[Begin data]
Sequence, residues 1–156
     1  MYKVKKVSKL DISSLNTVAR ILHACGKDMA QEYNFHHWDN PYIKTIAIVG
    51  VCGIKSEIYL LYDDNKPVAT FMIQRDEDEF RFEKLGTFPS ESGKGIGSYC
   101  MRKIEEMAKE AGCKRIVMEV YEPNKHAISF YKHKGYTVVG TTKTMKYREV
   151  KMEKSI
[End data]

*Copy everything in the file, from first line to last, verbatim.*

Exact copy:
Sequence, residues 1–156
     1  MYKVKKVSKL DISSLNTVAR ILHACGKDMA QEYNFHHWDN PYIKTIAIVG
    51  VCGIKSEIYL LYDDNKPVAT FMIQRDEDEF RFEKLGTFPS ESGKGIGSYC
   101  MRKIEEMAKE AGCKRIVMEV YEPNKHAISF YKHKGYTVVG TTKTMKYREV
   151  KMEKSI